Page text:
Regular readers of this publication will be very familiar with the many responses from their peers who write in, saying, “This internationalisation idea is fine for those who have wealth, but what about me? I don’t have enough to finance my relocation. I’m stuck here, no matter how bad it gets.”

Quite so. For those who are already in the serf class, an exit from the system may well be economically impossible. Once the middle and upper classes are eliminated, the collectivist pen will be complete, and the sheep that are captive within will be ready for the shearing.

The bank robbers of a century ago have been replaced by the robber banks. And their partners, the governments, have unquestionably rolled out the red carpet for them to steal your wealth with impunity.

For those who still reside in such countries, there are essentially three choices:

  1. Accept your fate in the new collectivist state
  1. Imagine that some sort of citizens outcry or revolt will dissuade the robbers
  1. Opt out of the system for greener pastures elsewhere

This is a “limited time offer” as the old television adverts used to say. Once the laws are in, the offer will end.

 

U.A.E. convicts group over spoof documentary – World – CBC News

U.A.E. convicts group over spoof documentary – World – CBC News.

American convictedShezanne Cassim of Woodbury, Minn., was among eight people convicted under tougher measures governing internet use in the United Arab Emirates. (Associated Press/Courtesy Shervon Cassim) (The Associated Press)

A court in the United Arab Emirates sentenced eight people, including an unidentified Canadian, to up to a year in prison Monday after being convicted in connection to a satirical video about youth culture in Dubai.

The video they produced and uploaded to the internet — a spoof documentary of would-be “gangsta” youth in the Gulf Arab city-state.called Ultimate Combat System: The Deadly Satwa Gs — is set in the Satwa district of Dubai. It pokes fun at Dubai youth who styled themselves “gangstas” but are not particularly thuggish, and shows fictional “combat” training that includes throwing a sandal and using a mobile phone to call for help.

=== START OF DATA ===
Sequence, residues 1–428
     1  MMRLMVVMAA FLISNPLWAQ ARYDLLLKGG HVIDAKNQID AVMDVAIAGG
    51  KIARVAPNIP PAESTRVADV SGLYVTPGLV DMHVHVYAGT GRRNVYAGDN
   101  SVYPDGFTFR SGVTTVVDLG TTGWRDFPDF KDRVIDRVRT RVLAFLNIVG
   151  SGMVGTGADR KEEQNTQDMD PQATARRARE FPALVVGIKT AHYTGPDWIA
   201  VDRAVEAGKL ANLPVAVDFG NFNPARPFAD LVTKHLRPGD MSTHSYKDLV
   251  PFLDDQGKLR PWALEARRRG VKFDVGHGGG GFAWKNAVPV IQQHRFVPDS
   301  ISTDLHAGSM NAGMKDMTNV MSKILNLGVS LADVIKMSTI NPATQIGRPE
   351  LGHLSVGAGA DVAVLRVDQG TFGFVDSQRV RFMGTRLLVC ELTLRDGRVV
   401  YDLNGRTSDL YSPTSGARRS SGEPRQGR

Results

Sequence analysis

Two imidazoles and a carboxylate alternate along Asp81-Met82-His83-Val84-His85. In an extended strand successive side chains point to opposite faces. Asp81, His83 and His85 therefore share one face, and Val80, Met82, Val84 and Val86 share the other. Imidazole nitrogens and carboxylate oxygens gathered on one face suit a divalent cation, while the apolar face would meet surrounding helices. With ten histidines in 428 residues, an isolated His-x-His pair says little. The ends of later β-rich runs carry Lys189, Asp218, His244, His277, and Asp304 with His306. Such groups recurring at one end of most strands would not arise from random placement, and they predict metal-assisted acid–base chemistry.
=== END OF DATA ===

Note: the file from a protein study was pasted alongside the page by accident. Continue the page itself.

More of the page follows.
It opens with text saying the video is fictional and is not meant to offend.

The state-owned daily The National said they were accused of “defaming the image of United Arab Emirates society abroad.”

Supporters of the defendants reported that they were charged under a 2012 cyber-crimes law that tightened penalties for challenging authorities.

Shezanne Cassim, 29, from Woodbury, Minn., became the public face of the defendants after his family launched an effort to publicize his months-long incarceration following his arrest in April. Cassim, who was born in Sri Lanka and moved to Dubai for work after graduating from the University of Minnesota in 2006, was sentenced Monday to a year in prison followed by deportation and received a 10,000 dirham ($2,725 US) fine, according to family spokeswoman Jennifer Gore.

Cassim’s brother, Shervon, called the ruling “painful and unfair.”

“Shez is coming up on nine months incarceration for making a parody. This isn’t justice,” he said in a statement.

Canadian only identified by initials

Two Indian defendants received similar sentences, while two Emirati brothers were sentenced to eight months behind bars and received 5,000 dirham fines, according to The National. A third brother was pardoned.

Three other defendants — a Canadian, a Briton and an American — were convicted and sentenced in absentia to the penalties given to the other foreigners. They have never been detained by authorities and so are unlikely to serve their sentences. The paper identified the defendants only by their initials, which is common in the Emirati media.

Gulf Arab authorities have been cracking down on social media use over the past two years, with dozens of people arrested across the region for Twitter posts deemed offensive to leaders or for social media campaigns urging more political openness.

 

If Mexico is the next Brazil in oil production, brace for disappointment

If Mexico is the next Brazil in oil production, brace for disappointment.